The golfing will continue until morale improves
Every year thousands of men get up early in the morning and head out to a ritual event in which they pit themselves in a show of machismo, testing their mettle against friends and neighbors, and challenging their physical stamina in a trial of bravery against the vagaries of nature.
I’m not talking about the running of the bulls at Pamplona – I’m talking about charity golf tournaments.
Yes, men who easily ignore the clanging of the holiday Salvation Army bells, men who brusquely dismiss the office request for five dollars to aid the pregnant mail clerk, men who complain about the price of a single box of Girl Scout cookies, will unhesitatingly write a check for an amount from a hundred to two hundred fifty dollars, call in to use a sick day at work, and spend six to eight hours in close quarters; half of it in trying to direct a 1-1/2″ ball with an oversized bent spoon toward a 4″ hole some 300 yards away – several balls, actually, because the leafy and poison ivy-filled woods and the muddy streams will collect a certain number of them – and the other half of the day drinking cheap beer, smoking mid-priced cigars, and eating high-cholesterol banquet food for the opportunity to let a small fraction of that money go to A Worthy and Noble Cause.
I played on Friday.
Anyway, this golf tournament was run by a local businessman who decided that the Noble and Worthy Cause he wanted to support would be the Shriner’s Hospitals. Interestingly, perhaps significantly, Jim is not a Shriner, nor in fact, is he even a Mason. But he is aware of the wonderful work that the hospitals do, and felt strongly enough about this to want to undertake the thankless task of organizing a golf tournament.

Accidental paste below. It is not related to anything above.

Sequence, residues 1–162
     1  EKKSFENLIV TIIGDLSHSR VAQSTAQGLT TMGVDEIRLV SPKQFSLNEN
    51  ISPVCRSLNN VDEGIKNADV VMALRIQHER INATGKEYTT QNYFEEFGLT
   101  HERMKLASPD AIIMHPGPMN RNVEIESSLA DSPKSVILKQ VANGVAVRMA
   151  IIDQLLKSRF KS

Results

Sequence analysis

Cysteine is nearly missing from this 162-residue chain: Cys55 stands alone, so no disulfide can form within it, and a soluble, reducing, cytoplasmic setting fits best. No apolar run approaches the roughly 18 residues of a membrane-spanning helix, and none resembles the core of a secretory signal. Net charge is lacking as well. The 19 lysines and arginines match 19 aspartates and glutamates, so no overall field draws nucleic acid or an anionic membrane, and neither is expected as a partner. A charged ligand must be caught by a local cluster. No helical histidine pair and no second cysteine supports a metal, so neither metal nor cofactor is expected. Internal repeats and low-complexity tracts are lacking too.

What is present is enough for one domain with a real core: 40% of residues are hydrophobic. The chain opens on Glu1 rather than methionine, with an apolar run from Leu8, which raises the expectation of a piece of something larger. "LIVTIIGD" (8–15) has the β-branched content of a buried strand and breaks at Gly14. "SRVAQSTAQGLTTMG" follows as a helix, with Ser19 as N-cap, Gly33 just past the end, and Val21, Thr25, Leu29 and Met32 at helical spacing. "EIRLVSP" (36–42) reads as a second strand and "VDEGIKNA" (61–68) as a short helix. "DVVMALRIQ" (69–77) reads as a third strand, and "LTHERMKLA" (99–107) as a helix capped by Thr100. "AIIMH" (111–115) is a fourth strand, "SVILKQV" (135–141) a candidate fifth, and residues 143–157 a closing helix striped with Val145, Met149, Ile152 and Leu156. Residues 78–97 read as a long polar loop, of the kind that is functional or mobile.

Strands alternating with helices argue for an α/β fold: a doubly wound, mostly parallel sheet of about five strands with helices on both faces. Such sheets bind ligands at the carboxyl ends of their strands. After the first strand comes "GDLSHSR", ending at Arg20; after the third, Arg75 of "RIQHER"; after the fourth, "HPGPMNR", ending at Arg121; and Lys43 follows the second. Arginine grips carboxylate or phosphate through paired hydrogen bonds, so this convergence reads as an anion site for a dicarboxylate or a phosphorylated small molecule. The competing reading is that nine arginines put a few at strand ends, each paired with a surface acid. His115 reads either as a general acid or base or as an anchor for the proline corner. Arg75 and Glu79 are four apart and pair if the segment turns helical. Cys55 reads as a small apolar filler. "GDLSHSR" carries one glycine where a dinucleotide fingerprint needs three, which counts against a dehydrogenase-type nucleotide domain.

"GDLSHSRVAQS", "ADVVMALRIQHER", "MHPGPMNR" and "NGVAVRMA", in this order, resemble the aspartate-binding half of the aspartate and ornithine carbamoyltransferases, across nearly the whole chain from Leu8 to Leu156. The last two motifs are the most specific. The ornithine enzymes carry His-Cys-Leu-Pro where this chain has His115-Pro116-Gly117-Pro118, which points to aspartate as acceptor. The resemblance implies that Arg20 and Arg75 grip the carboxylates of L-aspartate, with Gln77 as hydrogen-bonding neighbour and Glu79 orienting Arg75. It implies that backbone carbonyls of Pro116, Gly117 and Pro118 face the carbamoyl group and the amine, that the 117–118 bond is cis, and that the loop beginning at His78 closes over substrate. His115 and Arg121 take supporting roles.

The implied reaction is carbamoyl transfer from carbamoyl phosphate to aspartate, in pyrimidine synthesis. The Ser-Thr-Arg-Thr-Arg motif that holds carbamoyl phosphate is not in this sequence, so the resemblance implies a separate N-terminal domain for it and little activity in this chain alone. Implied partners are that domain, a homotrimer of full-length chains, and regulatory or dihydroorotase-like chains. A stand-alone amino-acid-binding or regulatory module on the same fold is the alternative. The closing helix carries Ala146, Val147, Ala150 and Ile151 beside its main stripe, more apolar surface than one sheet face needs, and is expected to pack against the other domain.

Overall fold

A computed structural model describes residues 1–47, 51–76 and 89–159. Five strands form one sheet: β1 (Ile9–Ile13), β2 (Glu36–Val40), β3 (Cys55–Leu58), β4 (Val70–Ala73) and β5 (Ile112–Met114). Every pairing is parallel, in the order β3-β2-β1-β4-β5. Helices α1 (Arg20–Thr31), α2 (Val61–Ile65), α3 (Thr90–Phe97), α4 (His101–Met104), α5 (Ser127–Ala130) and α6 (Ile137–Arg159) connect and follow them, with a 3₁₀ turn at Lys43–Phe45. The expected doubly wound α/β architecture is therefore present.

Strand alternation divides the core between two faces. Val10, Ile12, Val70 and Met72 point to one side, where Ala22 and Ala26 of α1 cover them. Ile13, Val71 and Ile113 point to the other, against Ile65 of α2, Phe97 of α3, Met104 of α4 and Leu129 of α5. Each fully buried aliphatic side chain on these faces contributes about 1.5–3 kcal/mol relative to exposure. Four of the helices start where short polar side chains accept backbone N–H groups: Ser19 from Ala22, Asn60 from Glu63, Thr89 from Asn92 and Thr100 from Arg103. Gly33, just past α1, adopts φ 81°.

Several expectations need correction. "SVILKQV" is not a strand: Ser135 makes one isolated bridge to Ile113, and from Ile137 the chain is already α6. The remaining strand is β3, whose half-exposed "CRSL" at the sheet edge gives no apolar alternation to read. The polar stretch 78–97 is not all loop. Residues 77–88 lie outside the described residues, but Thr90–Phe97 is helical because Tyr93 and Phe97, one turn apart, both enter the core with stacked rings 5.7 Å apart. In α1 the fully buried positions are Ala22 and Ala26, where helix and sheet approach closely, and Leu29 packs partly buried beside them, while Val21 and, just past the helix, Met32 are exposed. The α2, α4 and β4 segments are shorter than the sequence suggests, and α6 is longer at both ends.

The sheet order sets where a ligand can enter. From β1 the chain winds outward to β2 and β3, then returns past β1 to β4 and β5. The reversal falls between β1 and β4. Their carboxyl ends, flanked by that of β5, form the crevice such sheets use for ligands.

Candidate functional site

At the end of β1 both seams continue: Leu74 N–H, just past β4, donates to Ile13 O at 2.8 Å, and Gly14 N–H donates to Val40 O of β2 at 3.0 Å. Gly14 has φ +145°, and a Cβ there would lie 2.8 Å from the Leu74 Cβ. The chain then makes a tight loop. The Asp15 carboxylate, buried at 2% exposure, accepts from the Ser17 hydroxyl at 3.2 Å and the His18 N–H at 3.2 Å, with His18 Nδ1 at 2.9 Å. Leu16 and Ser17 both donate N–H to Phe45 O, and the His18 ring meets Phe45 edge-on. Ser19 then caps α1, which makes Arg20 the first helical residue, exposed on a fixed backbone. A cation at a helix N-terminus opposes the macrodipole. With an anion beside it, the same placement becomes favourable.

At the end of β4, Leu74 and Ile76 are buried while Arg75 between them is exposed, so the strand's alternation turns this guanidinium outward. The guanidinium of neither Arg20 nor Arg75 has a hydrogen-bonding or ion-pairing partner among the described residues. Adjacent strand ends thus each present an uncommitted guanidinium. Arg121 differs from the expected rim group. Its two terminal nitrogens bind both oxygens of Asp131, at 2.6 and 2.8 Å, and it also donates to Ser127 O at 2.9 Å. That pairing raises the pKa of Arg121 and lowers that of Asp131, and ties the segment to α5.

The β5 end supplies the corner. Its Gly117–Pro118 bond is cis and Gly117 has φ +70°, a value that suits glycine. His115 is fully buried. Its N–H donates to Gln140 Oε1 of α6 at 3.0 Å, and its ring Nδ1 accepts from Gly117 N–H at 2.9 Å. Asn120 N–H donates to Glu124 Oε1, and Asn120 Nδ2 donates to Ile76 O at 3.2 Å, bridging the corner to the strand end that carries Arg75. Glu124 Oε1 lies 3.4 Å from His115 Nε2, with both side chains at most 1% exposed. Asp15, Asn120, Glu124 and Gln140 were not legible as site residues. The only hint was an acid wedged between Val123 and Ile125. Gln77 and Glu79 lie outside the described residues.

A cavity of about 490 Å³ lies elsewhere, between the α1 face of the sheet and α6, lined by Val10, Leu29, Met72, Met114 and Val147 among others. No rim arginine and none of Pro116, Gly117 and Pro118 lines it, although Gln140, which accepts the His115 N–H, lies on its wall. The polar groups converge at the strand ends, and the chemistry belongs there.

In that respect, Jim is a Mason who hasn’t taken his degrees.
Anyone who has helped run a tournament for their lodge or business knows that this could easily become a full-time job: dozens of phone calls to sweet-talk local shops into donating raffle prizes, calls to the local course or country club to set up dates and times, calls to caterers to coordinate the food and beer, calls to friends who never manage to turn in the entry fees on time, calls to sponsors who forget to send in their contributions, more calls to explain to the course that not as many people are going to show up as anticipated, and the last minute discussion with the course when six foursomes show up who forgot to buy advance tickets.
I give Jim full credit for the time and energy that he put in, and kudos for a well-run event, no less so it being his first time. And that makes it all the more curious that I found myself standing with him and the Most Worshipful Chip (former Grand Master of Connecticut) in front of four dozen guys and holding a check that should have been presented to a member of the Shrine.
You see, like Jim, I’m not a Shriner, either.
The story goes back a few months ago when Dave – the best Senior Warden on the East Coast – announced Jim’s tournament in lodge one night. Since Jim was not a Mason, I suspect that some of the lodge members didn’t take it seriously. Also, it was being held in the same week as another, larger golf tournament that is more heavily supported by lodges in my district. Dave and I, though, decided that we wanted to support a local effort, and indeed, between the two of us we supplied about one fourth of the players.